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How is child support determined?

On Behalf of | Dec 18, 2014 | Child Support

Child support can be determined in a number of ways. Some couples are able to agree to support payments outside of a court room; even in such cases, it’s a good idea to document the support agreement in a legal fashion to protect each party as time moves forward. Others go to court, and a Florida court makes child support decisions.

Courts across the nation are governed by different state rules when it comes to child support, but some basic factors are looked at in almost every case. First, the court will consider the custody situation. Support payments can be impacted by how much time the children spend with each parent; if one parent cares for the children the majority of the time, that may be cause for a different support requirement than in situations where a couple splits custody evenly. Support situations involving parents who were never married may be even more complex.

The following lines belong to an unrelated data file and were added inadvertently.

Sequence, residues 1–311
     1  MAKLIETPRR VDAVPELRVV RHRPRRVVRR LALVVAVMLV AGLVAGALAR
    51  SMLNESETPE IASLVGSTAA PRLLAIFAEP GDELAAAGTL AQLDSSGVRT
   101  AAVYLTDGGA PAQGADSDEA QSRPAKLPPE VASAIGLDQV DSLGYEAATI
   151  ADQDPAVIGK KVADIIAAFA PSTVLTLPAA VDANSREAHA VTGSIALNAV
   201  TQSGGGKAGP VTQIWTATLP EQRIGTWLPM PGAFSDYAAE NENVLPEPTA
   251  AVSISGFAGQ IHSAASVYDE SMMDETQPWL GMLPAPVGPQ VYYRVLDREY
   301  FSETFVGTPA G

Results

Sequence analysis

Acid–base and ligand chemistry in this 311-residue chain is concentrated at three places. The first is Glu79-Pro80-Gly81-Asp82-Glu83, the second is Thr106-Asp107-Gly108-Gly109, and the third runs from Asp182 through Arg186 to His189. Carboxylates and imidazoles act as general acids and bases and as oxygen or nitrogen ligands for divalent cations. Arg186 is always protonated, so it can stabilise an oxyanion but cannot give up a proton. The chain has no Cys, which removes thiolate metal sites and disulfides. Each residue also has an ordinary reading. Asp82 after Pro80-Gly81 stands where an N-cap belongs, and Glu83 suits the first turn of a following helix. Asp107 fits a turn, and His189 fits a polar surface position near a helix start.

When determining the amount of child support a person is responsible for, courts consider a number of factors. The court obviously looks at the income of both parents. Income doesn’t just include wages and things paid by employers, such as bonuses or commissions. It can also include tips, insurance or social security benefits, disability payments, interest payments, military benefits and money earned through rentals or royalties.

Child support payments aren’t determined solely on income, though. Living conditions, quality of life and overall needs for the child are also considered. The income of the custodial parent could also play a role in support payments; if the custodial parent has a high income or networth, support payments from the other payment may not be as high.

Ever situation is different, which is why legal understanding and assistance can be helpful when seeking support payments or negotiating payments. Regardless of which side of the support issue you are on, you do have legal rights and options.

Source: Money Crashers, “What Is Child Support – Laws & Guidelines for Payments” Miranda Marquit, Dec. 17, 2014